How do you love God?

“Love the Lord your God with all your heart and with all your soul and with all your mind and with all your strength.”

Familiar? An antagonistic Jewish leader had challenged Jesus with “Teacher, which is the greatest commandment in the Law?”

Jesus chose to respond simply by quoting Deuteronomy 6:5, one of the holiest texts in the Hebrew tradition. With those words, quoted here from Mark 12:30, He silenced the crowd.

How does one love the Lord?

By the use of the words heart, soul, mind, and strength, it seems that our love for God should come from our entire being, internal and external. It should be evident in the way we feel and think and by the things we do.

In our time and culture, love is most often described as an emotion. Certainly, there are emotional elements involved in loving God. That’s the love that comes from the heart and soul.

Love is also intellectual. While our feelings might drive us, they should not. We should be driven by our thoughts and will. So, loving God is also a mind event.  We think about and affirm the feelings we have for God. Or, even better, we have the feelings because we can comprehend some of the nature of God and react with emotion.

We often think about action coming from the physical part of our being, such as hands, feet, voice. In a real sense, conscious thought is also an action, based on physiological processes within the brain, which is part of the physical body. Loving God with our mind can come in the form of conscious affirmation of God’s lordship in our lives, or assent to His leading to go somewhere or do something.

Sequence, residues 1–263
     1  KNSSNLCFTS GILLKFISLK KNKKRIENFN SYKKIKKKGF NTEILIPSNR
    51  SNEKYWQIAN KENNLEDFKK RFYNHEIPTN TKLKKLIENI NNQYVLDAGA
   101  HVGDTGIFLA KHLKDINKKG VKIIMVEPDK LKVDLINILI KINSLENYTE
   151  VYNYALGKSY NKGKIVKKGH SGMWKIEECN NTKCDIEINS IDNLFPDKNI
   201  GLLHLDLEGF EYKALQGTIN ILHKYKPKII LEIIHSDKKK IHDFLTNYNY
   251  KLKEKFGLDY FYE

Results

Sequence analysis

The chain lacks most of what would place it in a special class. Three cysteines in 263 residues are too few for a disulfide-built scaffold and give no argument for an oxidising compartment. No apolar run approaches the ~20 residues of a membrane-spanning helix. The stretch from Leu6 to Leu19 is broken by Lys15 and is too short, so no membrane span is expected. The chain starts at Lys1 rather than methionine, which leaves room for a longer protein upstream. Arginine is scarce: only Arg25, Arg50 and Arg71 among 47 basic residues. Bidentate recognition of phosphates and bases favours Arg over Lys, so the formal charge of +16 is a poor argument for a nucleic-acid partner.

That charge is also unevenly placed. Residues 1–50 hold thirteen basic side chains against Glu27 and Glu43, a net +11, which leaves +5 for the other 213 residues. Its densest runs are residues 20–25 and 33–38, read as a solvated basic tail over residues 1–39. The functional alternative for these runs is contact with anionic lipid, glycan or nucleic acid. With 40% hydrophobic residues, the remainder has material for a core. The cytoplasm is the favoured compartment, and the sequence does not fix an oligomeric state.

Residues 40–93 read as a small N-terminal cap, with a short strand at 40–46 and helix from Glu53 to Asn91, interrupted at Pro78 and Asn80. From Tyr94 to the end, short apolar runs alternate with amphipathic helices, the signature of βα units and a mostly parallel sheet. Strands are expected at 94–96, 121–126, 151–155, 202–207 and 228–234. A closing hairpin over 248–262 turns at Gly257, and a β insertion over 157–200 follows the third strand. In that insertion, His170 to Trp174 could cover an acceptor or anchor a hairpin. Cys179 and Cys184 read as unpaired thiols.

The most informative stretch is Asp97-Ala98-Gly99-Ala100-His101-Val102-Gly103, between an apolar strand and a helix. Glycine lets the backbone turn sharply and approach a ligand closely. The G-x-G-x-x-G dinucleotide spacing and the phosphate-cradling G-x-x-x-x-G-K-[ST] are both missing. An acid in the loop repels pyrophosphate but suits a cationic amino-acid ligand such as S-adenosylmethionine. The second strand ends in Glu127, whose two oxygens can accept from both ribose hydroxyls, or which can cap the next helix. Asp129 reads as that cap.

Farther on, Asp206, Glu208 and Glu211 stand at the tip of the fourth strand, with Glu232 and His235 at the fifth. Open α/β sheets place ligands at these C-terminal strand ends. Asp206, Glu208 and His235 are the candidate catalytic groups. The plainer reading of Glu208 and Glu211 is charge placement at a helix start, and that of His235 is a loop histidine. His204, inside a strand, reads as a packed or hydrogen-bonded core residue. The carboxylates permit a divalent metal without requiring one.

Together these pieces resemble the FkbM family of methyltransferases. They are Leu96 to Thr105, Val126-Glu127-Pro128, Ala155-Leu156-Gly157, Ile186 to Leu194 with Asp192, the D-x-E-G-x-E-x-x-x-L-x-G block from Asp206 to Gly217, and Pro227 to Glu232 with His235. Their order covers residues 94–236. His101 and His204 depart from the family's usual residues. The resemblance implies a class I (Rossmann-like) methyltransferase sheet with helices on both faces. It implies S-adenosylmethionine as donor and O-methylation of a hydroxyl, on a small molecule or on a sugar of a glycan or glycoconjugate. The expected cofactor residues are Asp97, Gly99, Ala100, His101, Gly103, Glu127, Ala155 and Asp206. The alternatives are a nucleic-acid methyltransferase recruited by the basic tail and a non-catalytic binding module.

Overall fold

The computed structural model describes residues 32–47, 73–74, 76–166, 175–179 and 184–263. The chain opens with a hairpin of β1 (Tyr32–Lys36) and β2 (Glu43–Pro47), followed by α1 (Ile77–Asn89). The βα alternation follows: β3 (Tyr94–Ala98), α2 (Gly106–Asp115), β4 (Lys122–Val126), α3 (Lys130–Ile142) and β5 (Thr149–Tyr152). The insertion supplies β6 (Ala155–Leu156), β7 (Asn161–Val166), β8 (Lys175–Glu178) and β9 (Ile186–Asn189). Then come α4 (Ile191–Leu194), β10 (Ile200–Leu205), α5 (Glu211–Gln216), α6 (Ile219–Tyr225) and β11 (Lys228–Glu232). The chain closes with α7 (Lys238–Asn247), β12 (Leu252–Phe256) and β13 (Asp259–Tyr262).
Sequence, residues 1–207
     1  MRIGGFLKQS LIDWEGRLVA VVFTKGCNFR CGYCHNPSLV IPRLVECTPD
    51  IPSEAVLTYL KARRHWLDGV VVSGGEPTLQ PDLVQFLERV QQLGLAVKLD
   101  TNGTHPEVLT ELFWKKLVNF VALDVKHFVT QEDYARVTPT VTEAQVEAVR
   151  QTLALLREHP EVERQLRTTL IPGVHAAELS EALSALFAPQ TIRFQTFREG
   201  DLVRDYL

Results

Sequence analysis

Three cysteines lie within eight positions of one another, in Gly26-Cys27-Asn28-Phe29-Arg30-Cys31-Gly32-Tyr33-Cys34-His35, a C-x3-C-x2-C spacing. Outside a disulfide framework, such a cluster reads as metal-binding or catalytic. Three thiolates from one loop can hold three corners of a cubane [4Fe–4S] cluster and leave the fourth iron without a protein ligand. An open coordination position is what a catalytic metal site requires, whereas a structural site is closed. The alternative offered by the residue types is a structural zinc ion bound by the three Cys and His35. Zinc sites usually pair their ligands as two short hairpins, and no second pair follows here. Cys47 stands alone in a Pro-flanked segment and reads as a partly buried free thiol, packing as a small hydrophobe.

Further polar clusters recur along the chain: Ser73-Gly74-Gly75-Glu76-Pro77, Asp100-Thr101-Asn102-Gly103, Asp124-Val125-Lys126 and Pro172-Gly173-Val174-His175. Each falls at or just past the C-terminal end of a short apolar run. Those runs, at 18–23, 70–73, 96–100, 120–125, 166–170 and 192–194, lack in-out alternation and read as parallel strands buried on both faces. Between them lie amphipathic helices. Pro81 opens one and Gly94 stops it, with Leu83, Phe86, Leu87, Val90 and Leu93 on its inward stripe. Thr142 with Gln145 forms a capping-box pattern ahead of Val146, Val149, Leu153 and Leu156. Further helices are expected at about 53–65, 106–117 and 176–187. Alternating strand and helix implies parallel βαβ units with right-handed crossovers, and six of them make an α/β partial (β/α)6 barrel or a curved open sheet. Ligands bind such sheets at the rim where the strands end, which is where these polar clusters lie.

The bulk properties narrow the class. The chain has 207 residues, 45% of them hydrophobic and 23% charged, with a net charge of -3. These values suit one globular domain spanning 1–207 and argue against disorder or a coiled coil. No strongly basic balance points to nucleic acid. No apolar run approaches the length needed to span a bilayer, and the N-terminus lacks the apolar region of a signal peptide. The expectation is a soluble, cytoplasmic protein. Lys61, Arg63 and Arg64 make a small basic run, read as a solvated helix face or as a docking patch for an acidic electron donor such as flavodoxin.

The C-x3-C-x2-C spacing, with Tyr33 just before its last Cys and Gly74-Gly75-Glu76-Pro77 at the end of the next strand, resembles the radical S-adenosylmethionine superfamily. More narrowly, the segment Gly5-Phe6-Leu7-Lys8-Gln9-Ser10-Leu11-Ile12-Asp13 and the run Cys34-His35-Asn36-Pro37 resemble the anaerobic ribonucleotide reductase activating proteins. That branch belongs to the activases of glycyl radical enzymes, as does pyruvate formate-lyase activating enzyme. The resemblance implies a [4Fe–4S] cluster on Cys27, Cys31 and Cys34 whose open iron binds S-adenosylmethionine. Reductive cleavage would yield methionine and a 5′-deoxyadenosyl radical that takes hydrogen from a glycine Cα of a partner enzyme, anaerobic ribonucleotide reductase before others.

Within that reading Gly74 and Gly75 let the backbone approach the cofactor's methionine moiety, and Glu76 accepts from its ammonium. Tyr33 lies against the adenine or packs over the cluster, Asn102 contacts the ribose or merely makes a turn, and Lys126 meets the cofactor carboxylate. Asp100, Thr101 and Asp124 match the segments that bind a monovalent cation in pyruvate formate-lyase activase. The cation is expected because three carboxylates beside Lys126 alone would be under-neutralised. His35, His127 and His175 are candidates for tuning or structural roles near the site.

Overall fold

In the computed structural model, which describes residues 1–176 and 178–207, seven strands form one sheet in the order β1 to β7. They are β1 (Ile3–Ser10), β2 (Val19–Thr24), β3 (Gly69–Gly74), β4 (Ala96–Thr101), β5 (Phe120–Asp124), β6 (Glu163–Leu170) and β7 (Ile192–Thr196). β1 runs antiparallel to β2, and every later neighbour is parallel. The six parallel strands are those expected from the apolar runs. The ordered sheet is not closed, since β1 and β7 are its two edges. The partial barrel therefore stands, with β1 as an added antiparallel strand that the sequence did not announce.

The only description of love in the Bible comes in 1 Corinthians 13:4-7. “Love is patient, love is kind. It does not envy, it does not boast, it is not proud. It is not rude, it is not self-seeking, it is not easily angered, it keeps no record of wrongs. Love does not delight in evil but rejoices with the truth.  It always protects, always trusts, always hopes, always perseveres.” Not emotions, these all describe conscious thoughts and physical actions.

It is possible to feel that we love God, based solely on emotion. It is possible to demonstrate our love for God only through conscious thought leading to perceivable action. Love is not a state of being; love is doing. Musician Don Francisco sang, “love is not a feeling, it’s an act of the will.”

Jesus also said, “If you love me, you will obey what I command” (John 14:15).

Love for God and His Son Jesus Christ, while it might begin internally, is only evidenced externally as we affirm Jesus’ lordship over our lives and do that which He asks us to do.

Do you love the Lord your God with all your heart, soul, mind and strength?